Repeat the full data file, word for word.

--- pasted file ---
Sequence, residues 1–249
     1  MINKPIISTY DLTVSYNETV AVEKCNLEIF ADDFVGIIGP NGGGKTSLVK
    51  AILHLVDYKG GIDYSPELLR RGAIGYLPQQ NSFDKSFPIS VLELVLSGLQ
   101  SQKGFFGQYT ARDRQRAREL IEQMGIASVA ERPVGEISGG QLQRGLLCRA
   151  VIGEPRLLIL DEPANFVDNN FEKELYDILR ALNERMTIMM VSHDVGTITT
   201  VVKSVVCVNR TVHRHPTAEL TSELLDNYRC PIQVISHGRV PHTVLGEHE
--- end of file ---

Sequence, residues 1–249
     1  MINKPIISTY DLTVSYNETV AVEKCNLEIF ADDFVGIIGP NGGGKTSLVK
    51  AILHLVDYKG GIDYSPELLR RGAIGYLPQQ NSFDKSFPIS VLELVLSGLQ
   101  SQKGFFGQYT ARDRQRAREL IEQMGIASVA ERPVGEISGG QLQRGLLCRA
   151  VIGEPRLLIL DEPANFVDNN FEKELYDILR ALNERMTIMM VSHDVGTITT
   201  VVKSVVCVNR TVHRHPTAEL TSELLDNYRC PIQVISHGRV PHTVLGEHE